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2020

Celebrating 40 Years of Research and Impact at the U.S. Dairy Forage Research Center
Dr. Dennis Hancock, Sept. 30, 2020

In the early 1970s, there was a major need for research on more “modern” forage production and dairy nutrition practices. After several discussions among and between the North Central Land Grant Universities, Congress directed USDA to report on dairy forage research needs in 1974 and National and Regional Dairy Forage Task Forces were appointed. In response in 1975, the National Dairy Forage Task Force recommended the establishment of a research center in the North Central U.S. and the North Central Experiment Station Directors met to unanimously voice their support for such a center. Congress authorized a plan for a North Central Dairy Forage Research Center and appropriated $1.1 million for planning in FY1978. The NCDFRC Planning Committee planned to have “cluster locations” associated with 7 ag experiment stations in the upper Midwest and NE USA. In the following budget year, Congress authorized and appropriated $9 million to construct the farm and campus facilities at Prairie du Sac and Madison, respectively. Construction completed in 1980 and 1981, respectively, and scientists were hired during 1979-81. In January 1979, USDA-ARS decided to call it the U.S. Dairy Forage Research Center (USDFRC). In the 40 years hence there have been over 3000 publications and contributions to over 40 reference books. Key scientific contributions include a better understanding of fiber and protein digestibility, revisions on nutrient requirements used for ration balancing, reductions were made in how much protein and phosphorus was needed by dairy animals, better assessment methods and metrics for forage quality, improvements in silage making and inoculation, numerous new varieties of various forage crops, developing strategies to reduce methane emissions and increase carbon sequestration on the farm, better management practices were developed to minimize nutrient loss and to increase the capture of those nutrients with cover crops and living mulches, and a better understanding of dairy’s contribution to contaminants in the environment. New endeavors seek to investigate the interactions between the animal and microbe, support the development of a holistic dairy model, develop cover crop strategies, and assess risks to environment and public health.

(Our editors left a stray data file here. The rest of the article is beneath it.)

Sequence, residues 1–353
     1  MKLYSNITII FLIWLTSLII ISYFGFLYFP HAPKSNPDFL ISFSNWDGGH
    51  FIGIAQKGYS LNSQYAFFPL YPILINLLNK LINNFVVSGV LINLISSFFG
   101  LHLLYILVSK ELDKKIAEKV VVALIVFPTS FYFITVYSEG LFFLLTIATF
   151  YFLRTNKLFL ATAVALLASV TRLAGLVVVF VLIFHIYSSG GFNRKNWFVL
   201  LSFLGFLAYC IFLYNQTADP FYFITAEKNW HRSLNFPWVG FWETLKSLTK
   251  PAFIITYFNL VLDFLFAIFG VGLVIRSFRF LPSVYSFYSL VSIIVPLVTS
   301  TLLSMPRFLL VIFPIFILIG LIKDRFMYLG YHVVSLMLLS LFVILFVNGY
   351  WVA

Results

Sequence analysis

Why Inoculate Silage?
Dr. Kevin Panke-Buisse, Sept. 30, 2020

Inoculating a forage crop with specific bacteria prior to ensiling can boost the population of desirable species, which may result in better fermentation, aerobic stability, and animal performance. The inoculant industry has grown to the point that the number and diversity of inoculant products available can be overwhelming. This presentation summarizes inoculant types and benefits as well as provides guidance on what types, if any, might be helpful in preserving corn silage.


2019

Alfalfa Interseeding in Corn Silage
John Grabber, Oct. 2019
U.S. Dairy Forage Research Center
World Dairy Expo Seminar

How We Make Dairy-Quality Hay and Baleage
Don Hasselquist, Oct. 2019
World Dairy Expo Seminar

Incorporation of Cereal-Grain Forages into Rations for Lactating Cows
Gonzalo Ferreira, Oct. 2019
Department of Dairy Science - Virginia Tech
World Dairy Expo Seminar


 

World Dairy Expo 2018

Madison, WI - October 2-6, 2018

 

World without Livestock
Mary Beth Hall, Dairy Scientist
U.S. Dairy Forage Research Center

Dairy Nutrition
Kenneth Kalscheur, Research Animal Scientist
U.S. Dairy Forage Research Center

Energy & Protein
Geoffrey Zanton, Research Animal Scientist
U.S. Dairy Forage Research Center

Strategies to Reduce Feed Costs on the Dairy
Mike Hutjens, Professor Emeritus
University of Illinois

On-farm Feed and Forage Management for a 44,000-Pound Herd
Tom Kestell, Ever-Green-View Farms, and Steve Woodford, Nutrition Professionals, Inc

Corn Silage for Dairy: Past present and a Look to the Future
Randy Shaver, Professor
University of Wisconsin - Madison

New Insights on Alfalfa - Grass Mixtures for Dairy
Jerry Cherney, Professor
Cornell University

Corn Silage Mycotoxins
Phil Cardoso, Assistant Professor
University of Illinois

Seeing the Total Financial Picture of the Dairy Puzzle, of Which Forage is One of the Pieces
Gary Sipiorski, Dairy Development Manager
Vita Plus, Inc.

 


 

World Dairy Expo 2017

Madison, WI - October 3-7, 2017

Cereal Grain Forages: Providing Nutrient Management Options and Dairy Forage
Wayne Coblentz, Research Agronomist and Dairy Scientist
U.S. Dairy Forage Research Center, Marshfield, WI

Cereal Grain Forages: Points to Consider When Adding Them to Dairy Cattle Diets
Matt Akins, Assistant Scientist
Marshfield Agricultural Research Station, University of Wisconsin

How Do Advances in Corn Breeding Improve the Corn for Silage?
Natalia de Leon, Professor of Agronomy
University of Wisconsin-Madison

Bunker and Pile Safety: Get Your Wake-Up Call Today
Keith Bolsen, Professor Emeritus
Kansas State University

Undigested Fiber in Forages: What Does It Mean to a Dairy Cow?
David Combs, Professor of Dairy Science